The law, which bans 41 dog breeds within Beijing's city limits, has been in effect since 1994, but has only been seriously enforced this year, NBC News reported.
"This is nonsense. How can they decide whether a dog is vicious?" said 26-year-old Yao Wang, who, along with her English sheepdog Guoguo, has moved four times in the last three months to stay ahead of the law.
The director of the Chaoyang District Office of Dog Management, who was identified only by his surname, Liu, said he was unsure why the law is now being strictly enforced.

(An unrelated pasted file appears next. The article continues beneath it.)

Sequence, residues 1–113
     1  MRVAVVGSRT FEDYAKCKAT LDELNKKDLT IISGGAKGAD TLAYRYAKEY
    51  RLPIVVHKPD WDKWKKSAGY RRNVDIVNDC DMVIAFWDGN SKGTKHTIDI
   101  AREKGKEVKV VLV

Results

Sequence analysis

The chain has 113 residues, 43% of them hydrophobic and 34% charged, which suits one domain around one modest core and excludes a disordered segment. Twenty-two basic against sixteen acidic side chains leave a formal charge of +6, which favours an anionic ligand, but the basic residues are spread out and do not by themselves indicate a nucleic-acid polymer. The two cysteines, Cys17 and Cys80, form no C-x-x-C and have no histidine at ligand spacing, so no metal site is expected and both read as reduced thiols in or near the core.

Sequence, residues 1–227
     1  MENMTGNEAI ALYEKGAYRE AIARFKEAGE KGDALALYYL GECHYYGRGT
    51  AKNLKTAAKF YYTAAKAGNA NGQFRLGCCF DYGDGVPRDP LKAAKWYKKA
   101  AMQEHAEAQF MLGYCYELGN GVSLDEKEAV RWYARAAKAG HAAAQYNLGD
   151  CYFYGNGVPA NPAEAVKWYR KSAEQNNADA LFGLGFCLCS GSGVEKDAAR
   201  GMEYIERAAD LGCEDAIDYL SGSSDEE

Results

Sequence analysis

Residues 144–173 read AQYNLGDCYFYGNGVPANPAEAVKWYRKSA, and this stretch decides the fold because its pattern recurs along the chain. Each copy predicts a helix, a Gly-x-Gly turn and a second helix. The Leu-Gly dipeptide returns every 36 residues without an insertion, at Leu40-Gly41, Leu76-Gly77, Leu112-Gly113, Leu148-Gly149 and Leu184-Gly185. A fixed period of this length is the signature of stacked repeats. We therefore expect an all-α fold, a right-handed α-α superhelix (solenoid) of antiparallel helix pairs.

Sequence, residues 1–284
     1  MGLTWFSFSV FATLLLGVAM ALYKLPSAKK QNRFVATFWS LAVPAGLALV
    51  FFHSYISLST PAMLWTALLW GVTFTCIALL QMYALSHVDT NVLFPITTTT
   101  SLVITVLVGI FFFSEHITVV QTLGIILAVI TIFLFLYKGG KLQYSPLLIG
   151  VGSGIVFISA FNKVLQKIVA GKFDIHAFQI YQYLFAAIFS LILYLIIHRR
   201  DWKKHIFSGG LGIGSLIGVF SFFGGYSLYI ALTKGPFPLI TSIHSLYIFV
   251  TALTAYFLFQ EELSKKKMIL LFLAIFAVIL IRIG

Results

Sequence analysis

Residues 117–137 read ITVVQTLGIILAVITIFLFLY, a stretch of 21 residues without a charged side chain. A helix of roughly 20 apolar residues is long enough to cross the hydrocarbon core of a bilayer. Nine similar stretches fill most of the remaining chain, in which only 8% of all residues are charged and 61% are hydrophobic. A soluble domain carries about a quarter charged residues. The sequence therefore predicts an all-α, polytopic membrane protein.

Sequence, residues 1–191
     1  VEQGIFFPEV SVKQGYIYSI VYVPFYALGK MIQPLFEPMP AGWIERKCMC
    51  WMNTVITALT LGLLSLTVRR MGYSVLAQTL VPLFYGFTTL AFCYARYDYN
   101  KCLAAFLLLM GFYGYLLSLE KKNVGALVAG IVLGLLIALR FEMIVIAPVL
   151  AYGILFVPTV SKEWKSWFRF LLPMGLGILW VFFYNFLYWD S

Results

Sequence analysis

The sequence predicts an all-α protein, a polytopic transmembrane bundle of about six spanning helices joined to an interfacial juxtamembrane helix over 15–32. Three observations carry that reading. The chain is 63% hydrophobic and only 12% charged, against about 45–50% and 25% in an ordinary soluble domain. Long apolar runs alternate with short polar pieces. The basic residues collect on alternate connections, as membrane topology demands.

"We don't know either. We are here to carry out the job," Liu said.
Mary Peng, co-founder of the International Center for Veterinary Services in Beijing, said a major factor in the law's enforcement was that in 2012, 13 people in Beijing died from rabies, more than doubling the previous year's figure.
"In China, only [10 percent to 20 percent] of dogs have been vaccinated [for rabies], compared to more than 70 percent in the U.S.," Peng said.
Peng said safety issues have little to do with a dog's size, and that many small breeds are more likely to bite people that larger breeds like golden retrievers.